Kevin ended up in the hospital, where he was patched up and asked if he’d ever had thoughts of self-harm before. When he admitted he had, he was taken to a psychiatric facility — and that was when Eaton was left standing bereft in the hospital hallway.

Tackling the situation head-on

Eaton found community in her time of need through UOPX. Specifically, through the Charlotte alumni chapter, where she was the vice president of events.

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“I was talking to my then president and telling him my experience with my son, and he started telling me about another colleague who experienced the same thing,” Eaton says. “[My colleague’s] son died from suicide, and she and I were African American mothers.”

They were also not alone. According to a 2019 report from the Stanford Center on Poverty & Inequality, millennials at that time were more likely to die from suicide or drug overdose than any other generation. In fact, mortality rates for 25- to 34-year-olds rose more than 20% between 2008 and 2016.

For Black men, the statistics are even more dire. In addition to the rapidly rising suicide

rate cited earlier, the Black population faces a unique set of challenges. According to AACAP, these are:

  • Community violence
  • Socioeconomic stress
  • Interpersonal and family conflict
  • Stigma

For Eaton’s part, the “what now” mattered more than the “why.” Problem-solving is in her DNA as a mother, and this is a problem that she has a vested interest in solving. Here, she shares what she’s learned from her experience and what drives her to do more to change the narrative about suicide in the Black community.

What drove you to turn tragedy into something that could help others?

My experience was one of those things that was like, “OK, you have this knowledge. You should share it. There are people who could use that knowledge.”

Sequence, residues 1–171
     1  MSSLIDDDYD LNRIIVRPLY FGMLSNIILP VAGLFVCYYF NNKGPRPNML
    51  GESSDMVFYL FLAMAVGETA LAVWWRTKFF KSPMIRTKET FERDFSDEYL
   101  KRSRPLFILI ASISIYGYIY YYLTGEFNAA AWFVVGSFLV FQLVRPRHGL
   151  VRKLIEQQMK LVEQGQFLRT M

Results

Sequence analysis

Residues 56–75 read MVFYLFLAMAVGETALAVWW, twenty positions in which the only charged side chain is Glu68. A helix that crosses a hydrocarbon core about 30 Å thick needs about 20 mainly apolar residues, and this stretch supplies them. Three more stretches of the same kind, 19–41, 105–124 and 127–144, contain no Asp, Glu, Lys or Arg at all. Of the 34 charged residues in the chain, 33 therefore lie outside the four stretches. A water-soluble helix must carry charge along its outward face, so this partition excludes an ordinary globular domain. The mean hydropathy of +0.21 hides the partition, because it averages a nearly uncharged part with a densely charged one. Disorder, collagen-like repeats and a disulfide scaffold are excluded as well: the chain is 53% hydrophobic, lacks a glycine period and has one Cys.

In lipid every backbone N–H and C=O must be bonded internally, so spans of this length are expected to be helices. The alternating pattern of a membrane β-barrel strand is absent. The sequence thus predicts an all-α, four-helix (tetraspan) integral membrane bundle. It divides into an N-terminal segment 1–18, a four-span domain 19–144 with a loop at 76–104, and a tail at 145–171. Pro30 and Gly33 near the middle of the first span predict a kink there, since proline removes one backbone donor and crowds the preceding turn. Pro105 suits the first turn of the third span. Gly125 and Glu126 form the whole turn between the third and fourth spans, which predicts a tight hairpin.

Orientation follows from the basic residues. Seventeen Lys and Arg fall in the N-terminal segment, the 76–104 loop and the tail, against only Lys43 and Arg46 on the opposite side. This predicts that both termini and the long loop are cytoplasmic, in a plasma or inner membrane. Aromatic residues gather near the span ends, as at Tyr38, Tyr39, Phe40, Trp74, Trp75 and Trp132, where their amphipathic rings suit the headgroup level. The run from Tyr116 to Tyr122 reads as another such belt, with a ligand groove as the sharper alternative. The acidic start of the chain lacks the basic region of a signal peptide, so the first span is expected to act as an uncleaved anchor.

What unique challenges exist within the Black community around the issue of suicide?

Mental health, period, is a challenge. If we could just talk about that the same way we talk about physical health, it would be better. You take care of your physical health, you should take care of your mental health too.

[In the Black community] that conversation usually goes like, “No, I’ll just go to church. I’ll be all right.” It’s kind of taboo within the church.

I’m able to step out of the church environment and offer help. I don’t feel any restraints or barriers. I’ve always stayed pretty true to myself, and I think because I have that, then I can present it and be comfortable talking about it.

What do you wish more people knew about suicide prevention?

The keyword in that is prevention. It can be prevented if you have the right tools.

How do you think community can help change this narrative?

I think the [Black] community should create space for it. I don’t know if there’s enough space for this specific group [of Black millennial men]. And I think the community should embrace this group as they are.

If you could share just one message with at-risk millennials, what would it be?

Talk. Find someone safe to talk with, like your mother, because your mother is there for you. Our babies, we’d do anything for them.

If you have thoughts of suicide or self-harm, please call 988 to reach the 24-hour Suicide & Crisis Lifeline.